What is a "Terrorist" Organization? Can it be the Military of a State?
Aug-20-07 03:07 pm
Revolutionary Guard Members, Photo: AFP/Getty
The press reported last week that the Bush Administration plans to label the Iranian Revolutionary Guard a "terrorist" entity in accordance with Executive Order 13224. The Washington Post explained:
Not surprisingly, the Revolutionary Guard has not responded well to this report. The AP reported:
But can the military of a state be labeled a "terrorist"? And what are the consequences of such labeling?
Executive Order 13224 allows for the designation of designation of "persons" who "have committed, or to pose a significant risk of committing, acts of terrorism that threaten the security of U.S. nationals or the national security, foreign policy, or economy of the United States." The Executive Order provides in Section 3:
Under the specific language of the Executive Order, it seems that such a "group" as the Revolutionary Guard could be labeled as a "terrorist" group. And there seems to be nothing else in the Executive Order that would prohibit such designation.
But what about under international law?
It is well understood that there is no agreed-upon definition of "terrorism." But one common thread that seems to run across most defintions is that "terrorism" must be something committed by non-state actors. To be sure, a state can support, sponsor, or tolerate terrorism, but the "terrorist" is a non-state actor. When states engage in acts that mirror what "terrorists" do, we call those acts war crimes, crimes against humanity, and so on. Indeed, the problem under international law has never really been categorizing what states do, but rather describing what non-state actors do.
It seems to me that the term "terrorist" should continue to be reserved to non-state actors. Let me cite but one problem: Once we start using this term for state actors, it may led to further transgressions of the Geneva Conventions. Article 4 (1) of the Geneva Convention on POWs provides that POW status is to be granted to:
Members of the armed forces of a Party to the conflict as well as members of militias or volunteer corps forming part of such armed forces.It seems to me that this is an absolute category. Members of the military of a state are to enjoy POW states. If any individual member of the military has committed an offense, that person can, of course, be tried for that offense. But that person's offense does not negate his or her status as a POW. By designating the Revolutionary Guard as a "terrorist" entity, wouldn't the US, in effect, be making it near impossible to treat the group in accordance with the Geneva Convention? The US would have essentially pre-judged that all members of the group were engaging in actions that were in violation of international law.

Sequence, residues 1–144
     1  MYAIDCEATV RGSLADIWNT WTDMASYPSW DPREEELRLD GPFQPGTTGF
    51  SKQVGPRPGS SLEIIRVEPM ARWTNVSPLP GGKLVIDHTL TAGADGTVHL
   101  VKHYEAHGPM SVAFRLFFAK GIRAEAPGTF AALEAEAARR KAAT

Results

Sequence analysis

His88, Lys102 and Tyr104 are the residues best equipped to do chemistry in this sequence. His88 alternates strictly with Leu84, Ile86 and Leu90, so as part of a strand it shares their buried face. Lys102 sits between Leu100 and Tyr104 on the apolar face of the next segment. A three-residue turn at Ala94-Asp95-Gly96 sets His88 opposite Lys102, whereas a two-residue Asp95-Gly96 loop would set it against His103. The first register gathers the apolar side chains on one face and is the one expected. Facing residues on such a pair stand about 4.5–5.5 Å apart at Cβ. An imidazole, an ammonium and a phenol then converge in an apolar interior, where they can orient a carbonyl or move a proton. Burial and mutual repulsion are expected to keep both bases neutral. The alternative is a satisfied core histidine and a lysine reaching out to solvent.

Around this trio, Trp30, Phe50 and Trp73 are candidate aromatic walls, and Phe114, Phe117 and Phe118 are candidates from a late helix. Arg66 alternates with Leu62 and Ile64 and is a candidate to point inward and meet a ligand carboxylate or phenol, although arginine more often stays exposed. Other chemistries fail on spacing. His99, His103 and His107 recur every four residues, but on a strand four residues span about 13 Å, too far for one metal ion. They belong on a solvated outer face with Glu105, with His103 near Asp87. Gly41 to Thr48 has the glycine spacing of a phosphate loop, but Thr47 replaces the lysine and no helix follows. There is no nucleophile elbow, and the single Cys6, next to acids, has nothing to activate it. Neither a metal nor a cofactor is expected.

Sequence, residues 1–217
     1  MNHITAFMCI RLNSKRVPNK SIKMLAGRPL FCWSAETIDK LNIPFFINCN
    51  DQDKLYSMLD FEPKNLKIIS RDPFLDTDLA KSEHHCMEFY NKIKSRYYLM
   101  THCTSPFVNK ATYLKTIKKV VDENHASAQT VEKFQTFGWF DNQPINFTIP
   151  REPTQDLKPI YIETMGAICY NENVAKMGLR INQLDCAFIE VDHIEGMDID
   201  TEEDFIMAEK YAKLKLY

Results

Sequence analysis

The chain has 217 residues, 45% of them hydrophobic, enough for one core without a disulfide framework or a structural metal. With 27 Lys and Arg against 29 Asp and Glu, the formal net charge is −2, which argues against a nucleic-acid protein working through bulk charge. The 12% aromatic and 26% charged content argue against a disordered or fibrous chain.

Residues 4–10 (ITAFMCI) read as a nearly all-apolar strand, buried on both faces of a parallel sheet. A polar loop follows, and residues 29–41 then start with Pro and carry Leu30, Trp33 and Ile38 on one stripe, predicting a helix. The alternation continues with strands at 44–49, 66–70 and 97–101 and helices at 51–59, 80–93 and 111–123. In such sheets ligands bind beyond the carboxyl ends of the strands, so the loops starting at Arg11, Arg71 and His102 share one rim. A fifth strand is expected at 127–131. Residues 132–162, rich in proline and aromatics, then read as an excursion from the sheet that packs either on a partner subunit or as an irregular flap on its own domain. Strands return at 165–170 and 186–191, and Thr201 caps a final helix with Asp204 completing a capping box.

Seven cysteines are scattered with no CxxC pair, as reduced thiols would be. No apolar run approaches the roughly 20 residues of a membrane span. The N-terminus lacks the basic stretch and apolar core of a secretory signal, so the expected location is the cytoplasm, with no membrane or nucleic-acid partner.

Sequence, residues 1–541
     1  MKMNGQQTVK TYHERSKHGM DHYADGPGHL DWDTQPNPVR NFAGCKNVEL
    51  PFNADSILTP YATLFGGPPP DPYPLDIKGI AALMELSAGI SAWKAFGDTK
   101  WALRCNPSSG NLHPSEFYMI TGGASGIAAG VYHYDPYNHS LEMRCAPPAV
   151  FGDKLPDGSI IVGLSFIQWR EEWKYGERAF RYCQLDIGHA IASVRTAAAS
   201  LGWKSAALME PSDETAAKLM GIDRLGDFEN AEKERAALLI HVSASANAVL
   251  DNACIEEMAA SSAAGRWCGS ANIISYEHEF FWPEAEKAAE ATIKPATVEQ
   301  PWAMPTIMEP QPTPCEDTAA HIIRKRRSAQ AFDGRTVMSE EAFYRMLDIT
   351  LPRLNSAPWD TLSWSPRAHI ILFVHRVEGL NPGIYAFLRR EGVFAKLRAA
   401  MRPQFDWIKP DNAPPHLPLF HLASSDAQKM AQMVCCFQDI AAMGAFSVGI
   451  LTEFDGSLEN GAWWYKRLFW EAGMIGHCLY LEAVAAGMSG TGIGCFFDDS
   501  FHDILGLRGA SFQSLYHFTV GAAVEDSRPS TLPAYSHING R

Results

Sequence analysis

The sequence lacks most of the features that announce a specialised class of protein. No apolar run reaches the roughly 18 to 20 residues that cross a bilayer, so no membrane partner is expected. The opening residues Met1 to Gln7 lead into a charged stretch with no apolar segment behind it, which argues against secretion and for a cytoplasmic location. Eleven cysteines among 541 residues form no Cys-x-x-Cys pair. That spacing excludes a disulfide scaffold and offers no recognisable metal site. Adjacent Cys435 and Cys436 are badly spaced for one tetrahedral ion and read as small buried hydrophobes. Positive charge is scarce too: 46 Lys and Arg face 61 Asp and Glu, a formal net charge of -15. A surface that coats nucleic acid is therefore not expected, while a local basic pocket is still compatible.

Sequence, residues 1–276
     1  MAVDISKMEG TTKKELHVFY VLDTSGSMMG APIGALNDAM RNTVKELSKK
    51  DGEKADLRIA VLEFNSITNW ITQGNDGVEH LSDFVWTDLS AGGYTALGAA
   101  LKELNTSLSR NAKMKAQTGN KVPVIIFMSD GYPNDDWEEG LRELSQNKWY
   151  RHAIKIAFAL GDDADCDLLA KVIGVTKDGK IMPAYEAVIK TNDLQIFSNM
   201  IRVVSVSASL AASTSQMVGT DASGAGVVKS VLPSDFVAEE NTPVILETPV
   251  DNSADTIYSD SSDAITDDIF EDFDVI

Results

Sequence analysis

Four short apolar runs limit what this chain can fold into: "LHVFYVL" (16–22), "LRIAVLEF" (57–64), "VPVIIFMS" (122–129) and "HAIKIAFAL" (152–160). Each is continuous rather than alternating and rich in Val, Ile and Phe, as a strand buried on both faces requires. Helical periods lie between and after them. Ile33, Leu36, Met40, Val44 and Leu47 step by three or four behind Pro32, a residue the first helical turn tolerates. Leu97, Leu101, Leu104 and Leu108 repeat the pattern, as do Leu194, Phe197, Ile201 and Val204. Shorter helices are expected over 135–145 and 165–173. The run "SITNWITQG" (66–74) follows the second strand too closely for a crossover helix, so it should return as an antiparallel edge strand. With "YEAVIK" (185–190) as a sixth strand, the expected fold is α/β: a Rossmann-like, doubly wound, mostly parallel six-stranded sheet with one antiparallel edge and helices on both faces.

This is precisely what the United States ended up doing with the Taliban. Even though members of the Taliban were recognized as belonging to the "armed forces" of Afghanistan, the Administration determined that because the Taliban did not follow the laws of war, they were not entitled to POW status. The basis for making this determination lay in what I believe to be a misapplication of Article 4.
After providing that-- as noted above-- "members of the armed forces of a Party to the conflict" would enjoy POW status, Article 4 in paragraph 2 further notes that POW status shall also be granted to
Members of other militias and members of other volunteer corps, including those of organized resistance movements, belonging to a Party to the conflict and operating in or outside their own territory, even if this territory is occupied, provided that such militias or volunteer corps, including such organized resistance movements, fulfil the following conditions:But the Taliban forces were not members of an "other militia," etc. They were "members of the armed forces." In my view the group as a whole should have been granted POW status. Failing to grant them that status meant that they were allowed to be treated far more harshly than is allowed for POWs.
The situation is even worse with respect to the Revolutinary Guard. Not only might they automatically be placed outside the protection of the Geneva Convention, but they might find themselves subjected to even worse treatment inherent in the use of the word "terrorist."
And, of course, if the United States can label military groups as "terrorists," what precedent will that set? Will the US military be so labeled by some states in future conflicts?
A Better Approach
Why not just label Iran as a "State Sponsor of Terrorism," if it is so determined? That approach is already established under US law, and it does not blur the distinction between states and non-state actors and led to potential dangerous legal precedents.
About the editor:
Commentary and analysis at the intersection of international law and politics.
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